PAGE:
Falls from vehicles One of the most common accidents involving workplace transport.


Causes of falls

  • Slipping and falling from loads and access steps and ladders
  • Broken ropes or torn sheets causing over                        
  • Balancing
  • Inappropriate footwear
  • Bad weather
  • Lack of awareness and training

Let’s face it we all take risks when comes to working off of the back of a lorry, but please stop. Falling a shorter distance may shorten your chance of a more serious injury but does not prevent it ever occurring!!! Take the time to manage your time and your operatives time on the back of your work vehicle by conducting Tool box talks on the subject and ensure that staff are aware of the importance of working safely.

So how do we do it? Well simply it’s up to you, you can only do this via a risk assessment and consultation with your work force to find out the best method of working at height. However here are some techniques the HSE advise you could adopt

Controlling the Risk

Ground-based controls

Using gauges and controls that are accessible from the ground helps to eliminate the risk of falls. For example, where a road tanker delivers fuel to a petrol station, the employer of the delivery driver and the station operator should consider whether the drive needs to go onto the top of the vehicle to ‘dip’ or if the level of fuel can be measured from the ground.

Automatic sheeting

Automatic sheeting systems (often known as ‘easysheets’) are another example of an effective way of avoiding the need for workers to climb on vehicles.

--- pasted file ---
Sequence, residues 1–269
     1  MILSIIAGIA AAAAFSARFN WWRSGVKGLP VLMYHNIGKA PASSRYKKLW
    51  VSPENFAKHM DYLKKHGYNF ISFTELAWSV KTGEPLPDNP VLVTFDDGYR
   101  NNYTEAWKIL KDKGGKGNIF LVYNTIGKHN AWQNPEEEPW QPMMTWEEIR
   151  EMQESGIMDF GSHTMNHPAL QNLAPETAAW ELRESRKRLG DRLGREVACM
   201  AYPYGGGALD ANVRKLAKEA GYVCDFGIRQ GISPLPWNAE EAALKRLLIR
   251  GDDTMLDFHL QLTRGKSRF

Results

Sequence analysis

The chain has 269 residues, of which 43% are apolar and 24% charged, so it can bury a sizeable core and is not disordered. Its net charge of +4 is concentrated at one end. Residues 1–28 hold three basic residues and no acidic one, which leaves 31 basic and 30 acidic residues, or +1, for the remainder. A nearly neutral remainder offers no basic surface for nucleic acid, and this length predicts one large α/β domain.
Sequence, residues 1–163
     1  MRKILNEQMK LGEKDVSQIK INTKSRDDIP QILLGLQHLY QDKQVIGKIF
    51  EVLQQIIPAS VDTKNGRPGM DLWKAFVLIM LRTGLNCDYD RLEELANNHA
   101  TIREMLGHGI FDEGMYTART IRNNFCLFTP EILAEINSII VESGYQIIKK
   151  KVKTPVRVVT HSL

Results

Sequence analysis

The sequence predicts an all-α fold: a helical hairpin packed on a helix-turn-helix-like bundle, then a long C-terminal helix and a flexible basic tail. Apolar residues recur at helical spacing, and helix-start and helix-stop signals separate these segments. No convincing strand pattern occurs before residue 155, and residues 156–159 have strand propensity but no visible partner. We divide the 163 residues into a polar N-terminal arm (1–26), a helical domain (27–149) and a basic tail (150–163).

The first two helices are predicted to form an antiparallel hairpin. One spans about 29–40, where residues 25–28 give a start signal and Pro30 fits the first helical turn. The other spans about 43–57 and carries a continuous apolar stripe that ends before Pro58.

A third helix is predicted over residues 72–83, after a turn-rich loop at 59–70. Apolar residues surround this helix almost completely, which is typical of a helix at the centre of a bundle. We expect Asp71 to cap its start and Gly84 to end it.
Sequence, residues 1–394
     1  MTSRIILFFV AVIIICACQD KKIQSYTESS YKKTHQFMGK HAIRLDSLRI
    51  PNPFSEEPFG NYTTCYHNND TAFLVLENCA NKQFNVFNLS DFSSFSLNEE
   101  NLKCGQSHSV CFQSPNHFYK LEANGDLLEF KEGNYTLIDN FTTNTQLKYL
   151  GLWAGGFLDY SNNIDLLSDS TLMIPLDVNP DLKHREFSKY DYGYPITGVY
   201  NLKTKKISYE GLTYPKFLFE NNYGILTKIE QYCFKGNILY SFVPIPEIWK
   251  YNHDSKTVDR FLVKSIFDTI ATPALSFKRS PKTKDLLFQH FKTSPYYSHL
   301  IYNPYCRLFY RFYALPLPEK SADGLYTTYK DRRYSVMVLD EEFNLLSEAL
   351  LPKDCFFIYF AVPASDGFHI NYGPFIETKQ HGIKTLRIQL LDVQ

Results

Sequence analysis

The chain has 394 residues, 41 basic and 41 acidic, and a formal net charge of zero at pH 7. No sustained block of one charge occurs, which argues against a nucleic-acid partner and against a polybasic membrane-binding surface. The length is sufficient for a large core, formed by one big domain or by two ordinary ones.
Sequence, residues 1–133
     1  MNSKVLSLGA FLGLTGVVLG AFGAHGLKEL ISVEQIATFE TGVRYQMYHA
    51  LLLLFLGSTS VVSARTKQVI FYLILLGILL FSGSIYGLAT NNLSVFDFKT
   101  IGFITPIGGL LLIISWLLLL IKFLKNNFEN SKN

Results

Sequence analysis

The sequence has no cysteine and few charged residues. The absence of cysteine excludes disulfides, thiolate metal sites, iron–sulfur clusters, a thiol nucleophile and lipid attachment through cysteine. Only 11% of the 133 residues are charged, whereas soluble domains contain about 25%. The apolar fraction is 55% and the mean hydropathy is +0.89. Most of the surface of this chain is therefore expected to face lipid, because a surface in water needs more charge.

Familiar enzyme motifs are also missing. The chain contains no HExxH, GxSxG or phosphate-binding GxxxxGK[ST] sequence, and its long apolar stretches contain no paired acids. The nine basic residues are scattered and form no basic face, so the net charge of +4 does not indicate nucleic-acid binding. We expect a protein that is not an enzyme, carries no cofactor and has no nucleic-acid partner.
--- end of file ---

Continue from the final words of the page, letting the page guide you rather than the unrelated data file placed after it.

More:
Only give permission to gain access on to vehicles to people who cannot avoid doing so.

Protective equipment

If the work at height cannot be avoided, it is best for people to be protected by equipment and site or vehicle features that prevent falls.  If equipment to prevent falls is used, the best solutions are those that protect everyone, not just individuals. If only one person is at risk, harness systems, for example, might be most appropriate.

Instruct and train workers to use the work equipment competently, and provide information for workers. Safe ways of working should always be part of managing risks.


Assess how much light there is for people climbing into or on to vehicles, or walking on vehicles. Poor visibility can lead to accidents. Hand-held lights or torches would not normally be an effective way of lighting places where people need to use their hands.

Three-point hold

People climbing on to vehicles or other structures should always use the ‘three-point hold’ rule. This means they should try to keep at least three points of contact with the vehicle they are climbing (with their hands and feet), moving one limb at a time and testing the new hold before moving on. Looping an elbow around a support is not a secure enough hold – people should use their hands to grasp supports. The three-point hold rule is less important for people using stairs, although handholds are still important.

Tasks done from ladders or steps should allow the worker to keep the centre of their body between the sides of the ladder or steps, and both feet on the same rung or step. Only tasks that are of a short duration and are low risk should be done from ladders.

Take your time and plan the working tasks with the most appropriate method available, just because it’s not listed above does not mean that it is not available.

Do not become another statistic!!!!


July 6, 2012 | Categories: Lighthouse Blog |
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